- There are so many passages that appeal to this – in the writing of Moses (Genesis 17:6, 49:10), promises to David concerning his throne (2 Samuel 7:12-13), throughout the prophets, in the life and teachings of Jesus (Matthew 2:2, 21:1-10, Mark 12:35-37, John 18:33-37, etc.); and emphasized in the preaching and writings of the apostles (Acts 2:36, Romans 13:14, 2 Corinthians 11:31, Philippians 2:11, etc.). Seated “at the right hand of God” is found some 11 times in the NKJV New Testament always describing Jesus. Note esp. Colossians 3:1, Hebrews 10:12, 12:2, 1 Peter 3:22 – Jesus is now “at the right hand of God, angels and authorities and powers having been made subject to Him.”
- Why does Jesus have this authority?
- He is God – with that comes inherited authority – John 1:1, Immanuel – God with us – Matthew 1:23.
- Authority was granted to Him by the Father – in heaven and on earth. Philippians 2:9-11.
- He demonstrated His authority when confronted – John 4:34 – my food is to do the will of My Father…; John 5:26-30, etc.
- In becoming Christians, it is IMPERATIVE that we understand His Lordship…. What He tells us, we MUST accept! John 6:63, Jesus said, … The words that I speak to you are spirit, and they are life.
- We acknowledge that Holy Spirit has all authority
- The working of the Holy Spirit is by no means a simple subject. But we MUST understand that His work is authoritative. AS authoritative as God the Father and Son.
- He also IS God – Hebrews 9:14 which speaks of Him as “the eternal Spirit”; Gen. 1:2 – at creation; 1 Corinthians 2:10-11 – God reveals Himself to us through His Spirit, etc.
- The Bible is the product of His work –
- There are many areas we could focus on as to His working. But what I want to emphasize is how the Bible is the product of His work.
- John 16:7-11 – His work would be to convict the world
- John 14:26 – He would remind them; John 16:13 – guide you into all truth
- 1 Peter 1:22-23 – we obey the truth through the Sprit
- 2 Peter 1:20-21 – holy men of God spoke as they were moved by the Holy Spirit
- 1 Corinthians 2:9-11 – we know God “through His Spirit”, he “knows the things God” in the same way a man knows the things of a man (himself).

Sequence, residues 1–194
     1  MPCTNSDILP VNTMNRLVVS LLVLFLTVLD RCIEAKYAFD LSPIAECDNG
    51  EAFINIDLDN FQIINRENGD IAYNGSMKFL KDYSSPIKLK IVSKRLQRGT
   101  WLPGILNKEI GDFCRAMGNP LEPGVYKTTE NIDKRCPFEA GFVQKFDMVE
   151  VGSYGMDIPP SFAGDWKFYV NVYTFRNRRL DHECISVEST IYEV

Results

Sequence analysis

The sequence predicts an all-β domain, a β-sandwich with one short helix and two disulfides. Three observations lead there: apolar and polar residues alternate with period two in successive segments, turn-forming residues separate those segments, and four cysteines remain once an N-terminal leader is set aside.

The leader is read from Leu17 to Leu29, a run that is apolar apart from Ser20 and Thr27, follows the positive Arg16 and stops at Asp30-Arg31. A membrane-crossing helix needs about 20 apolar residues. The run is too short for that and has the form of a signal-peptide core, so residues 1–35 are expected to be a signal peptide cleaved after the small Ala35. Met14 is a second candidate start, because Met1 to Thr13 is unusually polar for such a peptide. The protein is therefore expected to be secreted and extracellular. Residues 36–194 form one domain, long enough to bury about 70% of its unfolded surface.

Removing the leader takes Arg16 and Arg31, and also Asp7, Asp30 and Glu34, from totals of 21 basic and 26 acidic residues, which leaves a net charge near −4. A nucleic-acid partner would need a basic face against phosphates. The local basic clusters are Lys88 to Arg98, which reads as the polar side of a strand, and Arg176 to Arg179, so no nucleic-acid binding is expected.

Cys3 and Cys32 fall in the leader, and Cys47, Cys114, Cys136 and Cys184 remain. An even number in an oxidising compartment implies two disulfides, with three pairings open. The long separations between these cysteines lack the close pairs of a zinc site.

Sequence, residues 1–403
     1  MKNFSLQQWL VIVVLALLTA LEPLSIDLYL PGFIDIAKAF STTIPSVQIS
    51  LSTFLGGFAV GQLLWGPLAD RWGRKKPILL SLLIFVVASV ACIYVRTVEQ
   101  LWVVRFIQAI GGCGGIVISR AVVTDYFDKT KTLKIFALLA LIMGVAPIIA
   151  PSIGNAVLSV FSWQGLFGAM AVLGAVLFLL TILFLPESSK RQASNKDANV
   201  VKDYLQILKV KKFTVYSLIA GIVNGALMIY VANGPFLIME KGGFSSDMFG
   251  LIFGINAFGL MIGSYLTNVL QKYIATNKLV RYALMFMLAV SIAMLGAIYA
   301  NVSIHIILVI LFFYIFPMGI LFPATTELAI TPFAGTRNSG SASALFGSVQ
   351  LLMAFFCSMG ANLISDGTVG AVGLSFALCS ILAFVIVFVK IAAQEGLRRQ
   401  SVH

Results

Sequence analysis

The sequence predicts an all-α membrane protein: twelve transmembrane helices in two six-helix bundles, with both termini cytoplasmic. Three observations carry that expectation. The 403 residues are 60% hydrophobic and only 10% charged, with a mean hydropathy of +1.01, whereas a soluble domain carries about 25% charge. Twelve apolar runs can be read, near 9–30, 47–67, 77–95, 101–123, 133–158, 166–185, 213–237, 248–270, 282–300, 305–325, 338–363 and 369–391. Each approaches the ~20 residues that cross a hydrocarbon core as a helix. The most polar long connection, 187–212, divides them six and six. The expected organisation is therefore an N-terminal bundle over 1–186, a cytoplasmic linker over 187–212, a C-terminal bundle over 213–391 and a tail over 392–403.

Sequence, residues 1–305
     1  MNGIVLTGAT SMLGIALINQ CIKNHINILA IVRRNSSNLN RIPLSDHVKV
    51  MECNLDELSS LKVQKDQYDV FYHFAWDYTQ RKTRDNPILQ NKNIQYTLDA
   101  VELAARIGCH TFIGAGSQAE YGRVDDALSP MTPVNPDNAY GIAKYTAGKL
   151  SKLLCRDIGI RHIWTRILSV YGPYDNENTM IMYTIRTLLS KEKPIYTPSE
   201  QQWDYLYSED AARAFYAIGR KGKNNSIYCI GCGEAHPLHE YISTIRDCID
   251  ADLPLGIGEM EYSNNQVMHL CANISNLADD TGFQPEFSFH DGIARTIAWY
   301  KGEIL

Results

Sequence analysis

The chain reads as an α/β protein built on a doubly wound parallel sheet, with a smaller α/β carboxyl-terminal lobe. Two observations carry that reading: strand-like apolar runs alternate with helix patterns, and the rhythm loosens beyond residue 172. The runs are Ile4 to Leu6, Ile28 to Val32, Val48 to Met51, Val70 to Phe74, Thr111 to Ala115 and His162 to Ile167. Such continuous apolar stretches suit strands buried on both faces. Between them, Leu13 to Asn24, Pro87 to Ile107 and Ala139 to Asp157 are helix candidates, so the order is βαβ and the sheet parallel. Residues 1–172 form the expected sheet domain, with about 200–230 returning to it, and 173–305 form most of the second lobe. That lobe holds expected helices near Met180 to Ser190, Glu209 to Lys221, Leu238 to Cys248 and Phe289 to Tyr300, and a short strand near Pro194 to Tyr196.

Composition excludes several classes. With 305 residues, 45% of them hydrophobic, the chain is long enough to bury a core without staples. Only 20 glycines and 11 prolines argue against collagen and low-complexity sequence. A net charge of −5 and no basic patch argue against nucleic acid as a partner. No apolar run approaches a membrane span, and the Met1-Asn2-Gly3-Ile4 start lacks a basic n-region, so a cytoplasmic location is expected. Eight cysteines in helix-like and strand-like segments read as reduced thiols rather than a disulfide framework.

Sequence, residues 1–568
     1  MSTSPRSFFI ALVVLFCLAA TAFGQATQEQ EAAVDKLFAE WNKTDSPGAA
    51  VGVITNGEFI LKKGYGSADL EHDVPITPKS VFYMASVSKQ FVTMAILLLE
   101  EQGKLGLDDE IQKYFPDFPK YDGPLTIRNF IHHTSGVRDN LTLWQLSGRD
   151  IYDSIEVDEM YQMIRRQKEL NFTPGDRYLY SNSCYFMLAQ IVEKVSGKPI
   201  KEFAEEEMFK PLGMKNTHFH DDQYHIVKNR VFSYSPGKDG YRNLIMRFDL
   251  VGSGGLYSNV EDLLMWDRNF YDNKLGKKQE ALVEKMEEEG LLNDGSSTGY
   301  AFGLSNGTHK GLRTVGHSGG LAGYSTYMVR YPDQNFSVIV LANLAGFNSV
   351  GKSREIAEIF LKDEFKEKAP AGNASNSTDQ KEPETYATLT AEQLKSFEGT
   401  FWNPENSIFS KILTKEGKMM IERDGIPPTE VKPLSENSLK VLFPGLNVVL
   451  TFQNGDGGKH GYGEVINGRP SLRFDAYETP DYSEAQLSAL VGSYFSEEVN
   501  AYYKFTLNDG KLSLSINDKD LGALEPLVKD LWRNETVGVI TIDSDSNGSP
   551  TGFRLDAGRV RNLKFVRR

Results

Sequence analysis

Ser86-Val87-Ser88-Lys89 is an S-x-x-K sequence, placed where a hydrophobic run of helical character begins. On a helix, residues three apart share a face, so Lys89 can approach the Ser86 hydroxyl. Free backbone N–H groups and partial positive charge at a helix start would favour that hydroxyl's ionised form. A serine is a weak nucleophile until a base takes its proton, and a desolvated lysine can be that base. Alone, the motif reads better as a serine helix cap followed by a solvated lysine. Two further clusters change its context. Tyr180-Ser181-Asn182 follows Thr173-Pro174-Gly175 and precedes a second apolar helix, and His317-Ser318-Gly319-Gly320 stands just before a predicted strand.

- Ephesians 3:3-5 – God revealed “the mystery” by “the Spirit to His holy apostles and prophets.”
- If the Bible is the product of the Holy Spirit, it is the work of God and must be respected as such. And if it is the word of God, CLEARLY it has authority that must be followed – 2 Timothy 3:16-17, Romans 1:16-17. It will be a source of judgment in the last day – Romans 2:16, John 12:48, Revelation 20:11-12, etc.
- AND if the Bible is the word of God, it is important that we strive to understand it properly.
- How do we establish authority?
- Time will not permit an exhaustive study of this today, but I simply mention HOW we establish authority here.
- We need an OBJECTIVE standard of authority – we need to respect the Bible AS the word of God – cf. 1 Thessalonians 2:13 – they were commended for receiving it as the word of God. If we view the Bible as subjective then it is NOT a reliable source of authority.
- In its most simple terms, we establish authority in 3 ways – by command (being told), example (by observing acceptable behavior), and by necessary deduction (we conclude when we put together all the facts – ACURATELY.
Conclusion. And thus, we can see the importance of authority. I conclude with this observation: When one obeys the gospel, not only do they believe and confess Jesus as Lord (Romans 10:9-10), but they also repent and are baptized in the name of Jesus for the remission of sins (Acts 2:38). Note Matthew 28:18-20 again where Jesus gave the “great commission” and noted we make disciples of (or teach) all nations, “baptizing them in the name of the Father, the Son and the Holy Spirit.” In this lesson we have made reference to the expression, “in the name of” which can mean, “by the authority of”. The Father, Son and Holy Spirit are all involved in our salvation BUT know in this that we are responsible to acknowledge their authority as we have addressed in this lesson. In obeying the gospel, we acknowledge the authority of all 3. Will we “observe all things commanded”? Think about it!